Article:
By Tori Oman, Associate Manager, Global Internal Brand Experience and Community Impact
My job at Pizza Hut involves working on employee experience and community impact. If you would have asked me 4 years ago if this is what I thought I would being doing when I was 30, I would have said “eh, probably not.” And if you’d asked 4-year-old me if this is what I would be doing when I was 30, I would have said “no WAY, you crazy, crazy lady/man/manlady, I’m going to be a FAMOUS MOVIE STAR!!!!!!!!!”
Why? Because I grew up a theatre kid (….and a flute-playing kid, and a choir/show choir kid, and a photo-taking kid, and a picture-drawing kid. But NOT a dancer kid. NOT. A dancer.).
So how’d I get my big kid job at the Hut, you ask? My big kid job at Pizza Hut is thanks to the decision I made to go back to graduate school for a more “practical” degree after getting my Bachelor of Fine Arts and chasing the Hollywood dream for a while. But I also really do think that being in this role is equally thanks to my experiences and education from being an “artsy” kid.
Which is why one of our community impact initiatives I work on, the Hut Fund, really tickles me pink. The Hut Fund is a scholarship program that Pizza Hut provides to applicants with financial need at Booker T. Washington Performing Arts High School to help even the playing field for young people pursuing an arts education. These scholarships help kids take private lessons, buy camera equipment and even travel to Spain for fine arts intensive studies on their spring break. The Hut Fund is one of my favorite things about my job because I know that even if these kids never grow up to become major movie star celebrities, they will have a unique edge to their personality and thought process that can’t be replicated through any other type of schooling. And they can do HUGE things when they grow up.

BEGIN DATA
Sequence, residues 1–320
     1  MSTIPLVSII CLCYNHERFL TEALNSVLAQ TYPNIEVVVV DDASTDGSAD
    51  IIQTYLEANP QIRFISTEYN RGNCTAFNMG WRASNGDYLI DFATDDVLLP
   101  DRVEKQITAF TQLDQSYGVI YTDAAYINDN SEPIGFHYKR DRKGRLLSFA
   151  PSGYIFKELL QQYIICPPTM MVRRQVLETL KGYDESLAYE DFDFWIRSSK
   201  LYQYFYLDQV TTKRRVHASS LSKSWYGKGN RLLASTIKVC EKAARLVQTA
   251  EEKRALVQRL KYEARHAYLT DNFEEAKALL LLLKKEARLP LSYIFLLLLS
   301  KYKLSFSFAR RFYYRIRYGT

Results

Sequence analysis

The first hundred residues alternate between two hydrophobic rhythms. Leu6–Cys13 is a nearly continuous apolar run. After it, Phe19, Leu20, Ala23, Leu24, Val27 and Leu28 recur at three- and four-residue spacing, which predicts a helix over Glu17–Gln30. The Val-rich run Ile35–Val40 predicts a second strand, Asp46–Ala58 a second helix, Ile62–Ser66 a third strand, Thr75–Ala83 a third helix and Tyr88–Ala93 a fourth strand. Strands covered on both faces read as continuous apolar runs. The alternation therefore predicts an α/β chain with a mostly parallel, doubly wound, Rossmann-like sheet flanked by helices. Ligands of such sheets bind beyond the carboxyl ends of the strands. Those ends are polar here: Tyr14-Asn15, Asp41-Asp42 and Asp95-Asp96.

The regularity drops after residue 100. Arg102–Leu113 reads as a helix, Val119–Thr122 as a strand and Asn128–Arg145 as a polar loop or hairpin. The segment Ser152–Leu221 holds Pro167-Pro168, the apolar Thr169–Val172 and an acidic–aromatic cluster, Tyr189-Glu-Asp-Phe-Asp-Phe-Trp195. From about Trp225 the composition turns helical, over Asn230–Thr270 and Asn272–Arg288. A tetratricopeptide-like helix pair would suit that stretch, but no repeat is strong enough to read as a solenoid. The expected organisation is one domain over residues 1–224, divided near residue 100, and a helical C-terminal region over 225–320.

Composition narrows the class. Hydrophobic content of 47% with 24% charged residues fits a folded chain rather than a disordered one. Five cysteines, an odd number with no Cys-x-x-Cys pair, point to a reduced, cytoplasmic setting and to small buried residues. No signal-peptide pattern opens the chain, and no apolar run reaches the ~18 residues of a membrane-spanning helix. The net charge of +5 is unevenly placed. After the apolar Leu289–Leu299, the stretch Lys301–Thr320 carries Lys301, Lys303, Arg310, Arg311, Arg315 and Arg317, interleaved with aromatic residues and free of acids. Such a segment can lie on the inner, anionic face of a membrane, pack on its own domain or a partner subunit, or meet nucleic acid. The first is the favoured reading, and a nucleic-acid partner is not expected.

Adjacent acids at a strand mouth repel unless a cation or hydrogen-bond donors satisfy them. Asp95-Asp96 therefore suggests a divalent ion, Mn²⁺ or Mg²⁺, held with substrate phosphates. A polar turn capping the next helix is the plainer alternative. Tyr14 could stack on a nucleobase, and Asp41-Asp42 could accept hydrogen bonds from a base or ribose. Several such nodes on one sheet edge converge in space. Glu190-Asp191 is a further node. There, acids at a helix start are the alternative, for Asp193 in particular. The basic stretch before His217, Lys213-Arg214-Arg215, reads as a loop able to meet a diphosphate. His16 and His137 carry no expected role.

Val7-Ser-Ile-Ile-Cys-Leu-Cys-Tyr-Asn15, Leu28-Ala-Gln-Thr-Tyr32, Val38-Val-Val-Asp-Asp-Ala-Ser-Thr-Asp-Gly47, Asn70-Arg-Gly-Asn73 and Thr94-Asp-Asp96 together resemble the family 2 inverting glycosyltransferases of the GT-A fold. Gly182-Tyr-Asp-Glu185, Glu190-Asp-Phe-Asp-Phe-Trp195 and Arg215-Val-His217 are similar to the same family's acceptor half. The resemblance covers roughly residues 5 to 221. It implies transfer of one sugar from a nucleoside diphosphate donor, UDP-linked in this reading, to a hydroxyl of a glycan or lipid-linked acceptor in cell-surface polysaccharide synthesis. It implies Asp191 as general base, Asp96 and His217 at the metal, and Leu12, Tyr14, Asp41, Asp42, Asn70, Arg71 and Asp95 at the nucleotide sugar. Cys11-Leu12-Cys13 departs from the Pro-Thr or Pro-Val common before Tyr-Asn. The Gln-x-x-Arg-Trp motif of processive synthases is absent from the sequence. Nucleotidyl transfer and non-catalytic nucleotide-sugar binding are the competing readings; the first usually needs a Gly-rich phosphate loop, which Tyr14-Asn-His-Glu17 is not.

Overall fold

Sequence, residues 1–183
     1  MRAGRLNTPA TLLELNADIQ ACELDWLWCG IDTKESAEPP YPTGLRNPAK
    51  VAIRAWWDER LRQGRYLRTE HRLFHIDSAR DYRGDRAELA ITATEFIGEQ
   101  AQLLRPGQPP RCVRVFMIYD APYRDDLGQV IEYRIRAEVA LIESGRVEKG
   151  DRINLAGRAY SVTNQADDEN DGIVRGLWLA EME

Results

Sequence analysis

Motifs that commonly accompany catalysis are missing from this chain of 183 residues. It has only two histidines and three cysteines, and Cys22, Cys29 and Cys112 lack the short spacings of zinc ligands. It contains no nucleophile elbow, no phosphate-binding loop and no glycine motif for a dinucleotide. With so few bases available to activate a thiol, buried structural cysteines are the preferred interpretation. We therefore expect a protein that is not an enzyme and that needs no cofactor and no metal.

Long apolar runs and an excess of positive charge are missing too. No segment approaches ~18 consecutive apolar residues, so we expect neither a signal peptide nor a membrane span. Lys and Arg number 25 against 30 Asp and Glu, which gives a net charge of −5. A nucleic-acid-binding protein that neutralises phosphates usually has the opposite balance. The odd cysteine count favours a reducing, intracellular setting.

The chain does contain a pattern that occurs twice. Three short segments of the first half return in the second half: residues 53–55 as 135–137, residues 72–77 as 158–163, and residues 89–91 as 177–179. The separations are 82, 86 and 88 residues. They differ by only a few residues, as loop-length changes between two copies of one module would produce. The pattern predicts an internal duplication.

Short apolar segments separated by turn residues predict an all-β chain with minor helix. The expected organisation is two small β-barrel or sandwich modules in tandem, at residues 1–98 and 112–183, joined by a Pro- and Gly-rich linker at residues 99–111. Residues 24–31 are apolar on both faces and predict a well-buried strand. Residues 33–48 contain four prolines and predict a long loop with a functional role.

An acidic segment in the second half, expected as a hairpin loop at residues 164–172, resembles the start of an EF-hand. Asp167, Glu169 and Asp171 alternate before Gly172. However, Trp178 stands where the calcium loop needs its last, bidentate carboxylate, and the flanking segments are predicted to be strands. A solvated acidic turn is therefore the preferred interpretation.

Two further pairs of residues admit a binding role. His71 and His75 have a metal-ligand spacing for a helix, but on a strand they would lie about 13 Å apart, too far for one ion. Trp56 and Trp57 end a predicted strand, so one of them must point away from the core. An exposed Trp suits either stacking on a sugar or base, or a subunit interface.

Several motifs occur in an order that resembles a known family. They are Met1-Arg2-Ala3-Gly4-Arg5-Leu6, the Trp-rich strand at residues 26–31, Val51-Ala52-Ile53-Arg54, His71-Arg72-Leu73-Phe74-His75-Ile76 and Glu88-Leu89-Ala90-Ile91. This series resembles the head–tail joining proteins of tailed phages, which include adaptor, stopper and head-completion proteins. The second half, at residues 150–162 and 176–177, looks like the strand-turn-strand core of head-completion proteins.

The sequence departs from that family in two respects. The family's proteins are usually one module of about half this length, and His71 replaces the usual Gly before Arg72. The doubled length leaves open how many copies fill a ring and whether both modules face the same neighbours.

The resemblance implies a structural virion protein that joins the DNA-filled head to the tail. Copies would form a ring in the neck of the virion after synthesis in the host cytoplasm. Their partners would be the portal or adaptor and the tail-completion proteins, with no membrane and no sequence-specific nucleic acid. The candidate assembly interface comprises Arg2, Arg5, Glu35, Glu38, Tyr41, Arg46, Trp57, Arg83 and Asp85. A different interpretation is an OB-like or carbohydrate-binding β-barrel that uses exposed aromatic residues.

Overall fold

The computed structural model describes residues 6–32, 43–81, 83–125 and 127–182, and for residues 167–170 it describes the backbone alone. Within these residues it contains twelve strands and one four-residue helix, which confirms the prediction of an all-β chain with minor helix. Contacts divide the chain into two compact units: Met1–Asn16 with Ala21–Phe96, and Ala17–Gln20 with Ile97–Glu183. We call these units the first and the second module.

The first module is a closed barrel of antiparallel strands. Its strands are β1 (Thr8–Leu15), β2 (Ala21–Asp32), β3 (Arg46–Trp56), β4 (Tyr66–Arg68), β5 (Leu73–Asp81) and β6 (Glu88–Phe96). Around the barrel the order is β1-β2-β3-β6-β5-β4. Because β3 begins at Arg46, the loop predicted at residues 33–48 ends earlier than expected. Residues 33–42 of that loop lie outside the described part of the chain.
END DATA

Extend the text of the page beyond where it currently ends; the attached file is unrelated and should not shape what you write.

Still not convinced that studying the arts can give you a leg up in the corporate world? Here’s some more proof of “artsy” stuff rocking the workplace. Meet Brian. He’s an analytical dork at the Hut. But he’s also something else- artistic. And in my opinion, he’s probably better at his job because of it.
What is your “artsy” outlet?
I’m a musician, primarily in singing but also in guitar, piano, and (formerly) trumpet. I work with a voice coach every month to keep my voice in shape, and sing and record while I’m at home.
How does said “artsy” thing help you in your current role?
Most definitely confidence and public speaking ability. Being on stage is a really scary thing the first few times you do it. When you get thrown onto a stage in front of people doing [what a lot of people would consider to be] embarrassing things, you start to get used to it. I feel less anxious presenting to the CEO of the biggest brand within a Fortune 200 company than I did the first time I got on stage with my a cappella group in college. It’s second nature at this point.
What is your advice for creative young people?
First, if any part of you gets an urge or an inkling to try something, just do it! You never know when something will just be “your thing,” and you won’t ever find it unless you just say yes and go for it. When you figure out what that thing is, it will change your life, and for the better.
Second, when you do find that thing, always, always, always keep striving to improve. No one is ever perfect at that thing they love, and if you love it, you will always want to keep getting better. Read, find teachers/coaches who can help you, look for communities who love the same things you do (they exist, no matter how “small” that thing is!). Try to be the best at that thing and the best at it you can be.
[Header photo by @robsessed85]